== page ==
Can't help to ask
Bob Taylor's not happy about how officials at Miami-Yoder Middle School in Rush, about 40 miles east of Colorado Springs, recently questioned one of his twin sons. But he may not have much recourse.
Taylor, who became a medical marijuana cardholder about five months ago, says one of his 13-year-old eighth-grade sons was asked if anyone in his household had a medical marijuana card, after another student brought marijuana to school.
Principal Mike Moore tells the Indy he's not at liberty to discuss what happened because it's considered a "confidential disciplinary issue." We e-mailed Moore for more on his comment, but he hasn't followed up.
Taylor asserts his privacy was compromised. But confidentiality regarding MMJ is hazy. The circumstance as Taylor describes it doesn't violate the Health Insurance Portability and Accountability Act of 1996, since the federal HIPPA law offers no medical protection to state cardholders.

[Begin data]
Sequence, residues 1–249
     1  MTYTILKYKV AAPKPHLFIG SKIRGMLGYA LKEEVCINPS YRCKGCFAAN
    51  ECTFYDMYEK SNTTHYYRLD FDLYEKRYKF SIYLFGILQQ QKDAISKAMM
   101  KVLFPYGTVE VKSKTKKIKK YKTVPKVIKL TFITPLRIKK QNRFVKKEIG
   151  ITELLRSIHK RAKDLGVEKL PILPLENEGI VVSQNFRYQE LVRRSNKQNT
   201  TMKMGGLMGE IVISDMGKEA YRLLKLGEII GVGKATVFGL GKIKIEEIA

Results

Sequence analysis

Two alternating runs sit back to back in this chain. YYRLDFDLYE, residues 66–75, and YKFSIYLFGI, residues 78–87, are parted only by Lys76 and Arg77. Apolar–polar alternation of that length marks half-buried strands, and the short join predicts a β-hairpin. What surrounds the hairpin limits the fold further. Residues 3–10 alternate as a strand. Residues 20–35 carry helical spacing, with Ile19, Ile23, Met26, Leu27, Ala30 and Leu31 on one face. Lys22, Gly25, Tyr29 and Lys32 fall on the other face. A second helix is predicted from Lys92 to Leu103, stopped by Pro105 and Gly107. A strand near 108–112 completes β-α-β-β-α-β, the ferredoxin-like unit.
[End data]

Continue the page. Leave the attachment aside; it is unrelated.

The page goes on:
And while the situation may have been inappropriate, says the Department of Public Health and Environment's spokesman Mark Salley, there aren't any related state laws. Though the MMJ patient registry is confidential, there's nothing to stop anyone from asking another person about being an MMJ cardholder.
As for the city's largest district, School District 11, spokeswoman Devra Ashby says that to her knowledge, the issue has never come up.
In the meantime, Taylor is miffed because he wasn't contacted. He also thinks it's a sneaky way for law enforcement to find out who's on the registry for a potential bust.
"They now know I have an MMJ card, so I imagine that's enough to break down my door at any given time," the parent says. Taylor is so upset, he's withdrawn his sons from the school district and enrolled them in an at-home online curriculum.
• Noon on Friday, Jan. 27, brings the fourth protest of the prosecution of local patient Bob Crouse at the El Paso County Courthouse (270 S. Tejon St.). Crouse is a leukemia sufferer charged with two felonies for cultivation and distribution of marijuana, which he used to treat his symptoms.
Irvin Rosenfeld, one of four people still receiving marijuana from the federal government as a part of its Compassionate Investigational New Drug program, is scheduled to attend.
• The Associated Press reports that a mouth spray using materials from raw (as opposed to synthetic) marijuana, created by British company GW Pharma to treat cancer pain, is in advanced clinical trials and could see Food and Drug Administration approval as soon as 2013.
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